Posted March 28, 2007 at 8:51 pm | Permalink
  6. Malcolm says

    Hello again, and thanks for visiting.

    Actually, as you know, the Earth is just coasting inertially along a geodesic path, in a region of spacetime that has the geometry it does due to the massive Sun’s proximity. There’s no transfer of energy, because there are no forces involved. To deflect the Earth from its orbit would require a large transfer of energy indeed, however; that would be a sizable dose of “causation” by any measure.

    The point as regards neural “causation” is not abstruse or difficult; we can trace the pattern of stimulation from cell to cell in any region of the brain where we look closely enough, and when neurons fire we can explain why in electrochemical terms. For muscles to move, nerves must transmit signals; the causal-closure violations I’m talking about would be such a signal train being launched without an antecedent stimulus.

    Posted March 28, 2007 at 10:43 pm | Permalink
  7. galileo says


    I’m very sympathetic to your line of thought but to play devil’s advocate for a minute I think BV’s response would be to say that you are working with a strong notion of causation that simply begs the question against the duallist. A weaker notion of cause such as a regularity theory lets us say that mental events can cause physical events just by virtue of their constant conjunctions, and vice versa. It seems to me that to address this philosophically we must either argue directly against the mental/physical split in the way, say, that Dennett tries to undermine our attachment to qualia, or we must show that this weak notion of causation is inadequate in some way as a theory of causation. The latter strategy moves us away from the philosophy of mind and into a new domain, of course.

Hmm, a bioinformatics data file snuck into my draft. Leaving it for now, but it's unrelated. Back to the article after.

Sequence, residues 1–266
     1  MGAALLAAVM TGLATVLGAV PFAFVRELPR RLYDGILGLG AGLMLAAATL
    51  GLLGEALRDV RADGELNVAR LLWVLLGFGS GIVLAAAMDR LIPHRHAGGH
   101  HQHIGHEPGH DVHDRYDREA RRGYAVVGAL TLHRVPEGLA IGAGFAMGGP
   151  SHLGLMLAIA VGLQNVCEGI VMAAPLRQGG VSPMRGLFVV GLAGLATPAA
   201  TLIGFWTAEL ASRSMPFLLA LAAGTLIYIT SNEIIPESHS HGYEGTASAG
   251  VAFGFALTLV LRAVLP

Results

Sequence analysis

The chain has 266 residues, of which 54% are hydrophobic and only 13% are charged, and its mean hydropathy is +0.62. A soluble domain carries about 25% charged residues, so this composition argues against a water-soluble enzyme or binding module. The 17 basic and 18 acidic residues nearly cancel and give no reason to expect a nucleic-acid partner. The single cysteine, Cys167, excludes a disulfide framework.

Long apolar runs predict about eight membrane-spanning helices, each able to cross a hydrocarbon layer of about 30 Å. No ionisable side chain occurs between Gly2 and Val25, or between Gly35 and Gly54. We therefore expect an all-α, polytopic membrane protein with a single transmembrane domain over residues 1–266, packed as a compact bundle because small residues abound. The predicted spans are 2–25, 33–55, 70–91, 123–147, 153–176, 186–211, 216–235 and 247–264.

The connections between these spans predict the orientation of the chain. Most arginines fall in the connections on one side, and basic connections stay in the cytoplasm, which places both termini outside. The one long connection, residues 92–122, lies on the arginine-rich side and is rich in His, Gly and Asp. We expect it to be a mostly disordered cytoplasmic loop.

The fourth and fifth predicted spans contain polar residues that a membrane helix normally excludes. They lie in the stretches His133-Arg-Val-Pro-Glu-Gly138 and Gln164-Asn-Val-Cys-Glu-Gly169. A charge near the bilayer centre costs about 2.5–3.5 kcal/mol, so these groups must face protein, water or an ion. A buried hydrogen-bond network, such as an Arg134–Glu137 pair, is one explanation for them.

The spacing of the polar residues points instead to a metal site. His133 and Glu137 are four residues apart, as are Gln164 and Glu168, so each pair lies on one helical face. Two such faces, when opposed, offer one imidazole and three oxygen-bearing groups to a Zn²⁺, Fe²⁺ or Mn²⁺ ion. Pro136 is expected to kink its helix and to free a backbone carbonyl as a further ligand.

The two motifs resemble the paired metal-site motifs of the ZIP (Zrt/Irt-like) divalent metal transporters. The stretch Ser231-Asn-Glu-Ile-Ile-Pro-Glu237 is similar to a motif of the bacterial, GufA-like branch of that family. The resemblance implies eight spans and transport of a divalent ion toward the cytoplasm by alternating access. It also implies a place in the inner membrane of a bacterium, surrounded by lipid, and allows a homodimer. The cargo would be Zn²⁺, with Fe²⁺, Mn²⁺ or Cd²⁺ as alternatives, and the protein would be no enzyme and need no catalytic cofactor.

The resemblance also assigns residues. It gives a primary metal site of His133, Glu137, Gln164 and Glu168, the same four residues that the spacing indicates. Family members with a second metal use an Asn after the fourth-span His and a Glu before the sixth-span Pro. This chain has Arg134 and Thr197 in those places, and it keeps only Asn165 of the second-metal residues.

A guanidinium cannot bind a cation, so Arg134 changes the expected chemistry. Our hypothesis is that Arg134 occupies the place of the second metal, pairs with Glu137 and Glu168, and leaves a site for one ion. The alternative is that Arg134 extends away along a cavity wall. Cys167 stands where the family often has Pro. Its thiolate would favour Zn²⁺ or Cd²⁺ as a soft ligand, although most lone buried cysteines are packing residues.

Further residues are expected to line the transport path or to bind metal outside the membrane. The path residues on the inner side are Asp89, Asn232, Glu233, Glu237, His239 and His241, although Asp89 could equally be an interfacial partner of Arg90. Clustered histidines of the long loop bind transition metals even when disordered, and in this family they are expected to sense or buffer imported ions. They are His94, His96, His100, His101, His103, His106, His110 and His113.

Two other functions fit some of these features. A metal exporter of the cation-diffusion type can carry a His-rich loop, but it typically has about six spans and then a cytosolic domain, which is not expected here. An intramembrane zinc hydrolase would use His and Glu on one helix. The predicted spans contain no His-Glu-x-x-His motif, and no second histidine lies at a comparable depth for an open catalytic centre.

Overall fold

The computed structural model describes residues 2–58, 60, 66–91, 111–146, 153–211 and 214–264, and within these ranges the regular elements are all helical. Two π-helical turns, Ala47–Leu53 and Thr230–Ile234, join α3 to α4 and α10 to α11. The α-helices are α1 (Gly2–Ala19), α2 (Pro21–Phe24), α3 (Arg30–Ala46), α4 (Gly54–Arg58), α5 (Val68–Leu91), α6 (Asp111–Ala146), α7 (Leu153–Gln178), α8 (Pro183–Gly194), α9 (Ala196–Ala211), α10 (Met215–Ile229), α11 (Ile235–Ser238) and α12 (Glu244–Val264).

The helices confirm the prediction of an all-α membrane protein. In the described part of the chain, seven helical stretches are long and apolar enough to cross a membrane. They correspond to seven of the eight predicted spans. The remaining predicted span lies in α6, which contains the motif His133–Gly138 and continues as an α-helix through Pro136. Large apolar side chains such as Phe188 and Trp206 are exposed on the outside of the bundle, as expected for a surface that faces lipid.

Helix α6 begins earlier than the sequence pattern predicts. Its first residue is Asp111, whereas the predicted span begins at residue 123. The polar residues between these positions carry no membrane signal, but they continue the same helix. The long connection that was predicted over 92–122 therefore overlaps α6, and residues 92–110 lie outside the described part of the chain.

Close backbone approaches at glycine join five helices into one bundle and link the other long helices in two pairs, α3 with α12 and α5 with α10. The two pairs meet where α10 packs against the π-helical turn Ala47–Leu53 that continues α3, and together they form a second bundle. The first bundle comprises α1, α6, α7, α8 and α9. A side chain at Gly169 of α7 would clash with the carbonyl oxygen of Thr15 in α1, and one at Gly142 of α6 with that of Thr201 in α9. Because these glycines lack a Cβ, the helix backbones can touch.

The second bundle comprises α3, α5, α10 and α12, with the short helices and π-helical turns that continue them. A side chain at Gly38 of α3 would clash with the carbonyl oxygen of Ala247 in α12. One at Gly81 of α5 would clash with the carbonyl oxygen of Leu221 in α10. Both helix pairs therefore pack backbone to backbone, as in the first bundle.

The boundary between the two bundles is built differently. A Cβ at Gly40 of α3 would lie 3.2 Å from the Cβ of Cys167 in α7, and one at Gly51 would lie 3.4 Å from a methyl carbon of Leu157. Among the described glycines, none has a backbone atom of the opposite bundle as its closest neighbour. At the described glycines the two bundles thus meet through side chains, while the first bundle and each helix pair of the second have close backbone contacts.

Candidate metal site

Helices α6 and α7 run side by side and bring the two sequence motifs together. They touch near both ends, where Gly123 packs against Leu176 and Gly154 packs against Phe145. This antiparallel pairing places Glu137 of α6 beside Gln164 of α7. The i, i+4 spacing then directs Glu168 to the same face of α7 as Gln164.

As an example of causation without energy transfer but with forces, how about the circular motion of charged particles in a uniform magnetic field?

    Posted March 29, 2007 at 8:05 am | Permalink
  8. Malcolm says

    Hi again galileo, and thanks as always for your thoughful comments, and for playing the Devil’s advocate — a role I relish myself, even though it gets me in trouble on occasion.

    Well, Bill does indeed say that this begs the question against the dualist, and of course he’s within his rights to do so, just as I am to say he is begging the question against the materialist. This is why I suggest, instead of getting into such a stalemate, that the interactionist interpretation may be open to some empirical testing.

    As I said above, we have already in hand a parsimonious account of what excites neurons, and in round-trip examples of stimulus and response, such as: 1) I see a falling flowerpot, 2) I decide to move (this is the purely “mental” part, according to Bill), and 3) I move out of the way — we would, if Bill is right, expect to see the neural sequence of part 3 begin without apparent electrochemical cause. The only other option is that the mental overdetermines the physical, which seems quite pointless, explains nothing, and is utterly unfalsifiable.